Two of the widows are from Saudi Arabia, and the third is from Yemen.

They were interrogated by Pakistani intelligence agents and eventually charged last month with illegally entering and living in the country. The three wives and two adult daughters were convicted and sentenced to 45 days in prison. Their prison term, which was spent at a well-guarded house in Islamabad, ended earlier this month.

Soon after midnight Thursday, a van took the women and children from the house in the center of the capital, Islamabad, en route to the airport. Officials covered the vehicle with sheets to prevent photographers from taking their pictures.

A statement from the Interior Ministry said 14 members of the bin Laden family had been deported to the “country of their choice, Saudi Arabia.” Few details have been released about the family, but officials have said bin Laden had three wives, at least eight children and some grandchildren living with him in the house when it was raided by the Americans.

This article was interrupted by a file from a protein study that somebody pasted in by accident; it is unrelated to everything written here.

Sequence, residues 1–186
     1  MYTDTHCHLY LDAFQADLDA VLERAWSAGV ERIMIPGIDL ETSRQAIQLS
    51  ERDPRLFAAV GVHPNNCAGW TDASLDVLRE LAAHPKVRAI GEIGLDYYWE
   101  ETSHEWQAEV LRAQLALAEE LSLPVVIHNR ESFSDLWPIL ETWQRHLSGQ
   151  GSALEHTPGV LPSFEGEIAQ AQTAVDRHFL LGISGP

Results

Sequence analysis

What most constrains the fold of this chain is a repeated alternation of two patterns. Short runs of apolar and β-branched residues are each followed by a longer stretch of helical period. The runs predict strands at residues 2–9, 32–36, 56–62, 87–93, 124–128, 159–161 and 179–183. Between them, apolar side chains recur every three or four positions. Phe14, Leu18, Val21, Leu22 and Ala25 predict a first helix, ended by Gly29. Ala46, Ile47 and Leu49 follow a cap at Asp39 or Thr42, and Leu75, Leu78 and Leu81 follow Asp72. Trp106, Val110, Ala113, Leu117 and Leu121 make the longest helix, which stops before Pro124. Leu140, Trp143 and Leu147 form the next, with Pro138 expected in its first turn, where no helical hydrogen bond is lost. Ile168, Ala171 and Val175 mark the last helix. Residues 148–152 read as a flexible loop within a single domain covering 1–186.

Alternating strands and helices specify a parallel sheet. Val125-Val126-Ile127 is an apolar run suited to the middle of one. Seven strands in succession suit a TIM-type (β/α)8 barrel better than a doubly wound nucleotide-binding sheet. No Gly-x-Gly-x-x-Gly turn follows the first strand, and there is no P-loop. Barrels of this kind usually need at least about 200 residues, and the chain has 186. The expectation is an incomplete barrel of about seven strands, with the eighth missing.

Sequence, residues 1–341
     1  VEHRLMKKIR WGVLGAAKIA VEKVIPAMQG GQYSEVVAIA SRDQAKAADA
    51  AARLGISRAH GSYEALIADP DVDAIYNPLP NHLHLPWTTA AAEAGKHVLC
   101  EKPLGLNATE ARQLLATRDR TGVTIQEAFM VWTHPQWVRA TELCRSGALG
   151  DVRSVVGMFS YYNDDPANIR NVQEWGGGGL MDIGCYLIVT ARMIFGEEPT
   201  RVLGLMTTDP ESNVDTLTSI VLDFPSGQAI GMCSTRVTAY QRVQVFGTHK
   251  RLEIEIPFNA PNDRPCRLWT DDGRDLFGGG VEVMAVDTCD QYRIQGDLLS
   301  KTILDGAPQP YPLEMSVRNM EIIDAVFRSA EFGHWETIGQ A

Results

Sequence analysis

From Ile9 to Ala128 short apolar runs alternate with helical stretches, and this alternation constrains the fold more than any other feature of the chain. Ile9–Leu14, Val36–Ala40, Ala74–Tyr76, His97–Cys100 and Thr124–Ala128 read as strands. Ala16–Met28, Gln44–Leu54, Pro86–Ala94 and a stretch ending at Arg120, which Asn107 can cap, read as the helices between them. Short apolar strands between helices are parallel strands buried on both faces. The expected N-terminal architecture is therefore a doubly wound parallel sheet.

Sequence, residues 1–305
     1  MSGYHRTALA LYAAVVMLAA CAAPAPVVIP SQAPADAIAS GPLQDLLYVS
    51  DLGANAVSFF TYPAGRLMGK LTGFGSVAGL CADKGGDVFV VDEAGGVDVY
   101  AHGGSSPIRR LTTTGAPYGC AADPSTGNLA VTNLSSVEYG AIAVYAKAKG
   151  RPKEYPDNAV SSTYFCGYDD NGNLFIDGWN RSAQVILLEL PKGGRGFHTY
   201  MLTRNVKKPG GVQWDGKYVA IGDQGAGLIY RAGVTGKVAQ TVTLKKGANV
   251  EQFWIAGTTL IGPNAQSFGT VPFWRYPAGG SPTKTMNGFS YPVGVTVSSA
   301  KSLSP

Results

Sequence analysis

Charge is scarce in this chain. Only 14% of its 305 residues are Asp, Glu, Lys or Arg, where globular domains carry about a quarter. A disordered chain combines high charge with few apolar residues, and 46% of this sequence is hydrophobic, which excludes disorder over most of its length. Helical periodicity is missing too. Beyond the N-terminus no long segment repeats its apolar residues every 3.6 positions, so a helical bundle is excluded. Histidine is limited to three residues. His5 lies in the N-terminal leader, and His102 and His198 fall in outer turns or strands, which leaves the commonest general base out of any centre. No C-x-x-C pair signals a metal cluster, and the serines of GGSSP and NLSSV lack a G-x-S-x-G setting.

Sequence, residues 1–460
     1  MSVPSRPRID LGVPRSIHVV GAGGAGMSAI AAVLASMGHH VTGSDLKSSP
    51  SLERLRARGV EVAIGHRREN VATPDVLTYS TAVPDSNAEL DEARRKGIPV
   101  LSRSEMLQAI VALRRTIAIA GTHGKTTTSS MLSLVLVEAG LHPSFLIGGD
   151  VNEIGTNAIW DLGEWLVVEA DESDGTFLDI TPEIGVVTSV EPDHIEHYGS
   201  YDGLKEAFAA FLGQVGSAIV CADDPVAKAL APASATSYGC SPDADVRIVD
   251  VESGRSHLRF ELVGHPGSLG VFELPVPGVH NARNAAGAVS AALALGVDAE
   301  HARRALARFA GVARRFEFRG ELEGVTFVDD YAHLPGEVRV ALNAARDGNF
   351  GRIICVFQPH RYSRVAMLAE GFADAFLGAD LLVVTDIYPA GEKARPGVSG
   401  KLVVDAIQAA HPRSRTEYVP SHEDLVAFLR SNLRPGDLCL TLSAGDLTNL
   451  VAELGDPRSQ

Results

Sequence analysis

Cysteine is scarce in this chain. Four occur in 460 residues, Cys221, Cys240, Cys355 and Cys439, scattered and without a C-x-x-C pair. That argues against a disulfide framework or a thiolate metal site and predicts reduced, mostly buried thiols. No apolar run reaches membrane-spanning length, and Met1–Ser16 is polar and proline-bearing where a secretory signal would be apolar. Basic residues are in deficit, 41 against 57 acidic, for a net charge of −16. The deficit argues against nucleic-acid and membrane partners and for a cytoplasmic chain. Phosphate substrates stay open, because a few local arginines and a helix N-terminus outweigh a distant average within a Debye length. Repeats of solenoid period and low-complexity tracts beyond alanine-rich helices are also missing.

The Pakistani government has denied knowing the terrorist leader’s whereabouts. U.S. officials say they have no evidence senior Pakistani officials knew bin Laden was in Abbottabad, but questions remain. A Pakistani government commission formed to investigate how bin Laden lived in the country and the circumstances of the American raid has yet to publish its report, but it is widely expected to be a whitewash.

Soon after the raid, American investigators were given access to the wives in Pakistani custody, but one Pakistani intelligence officer has said the women refused to answer their questions.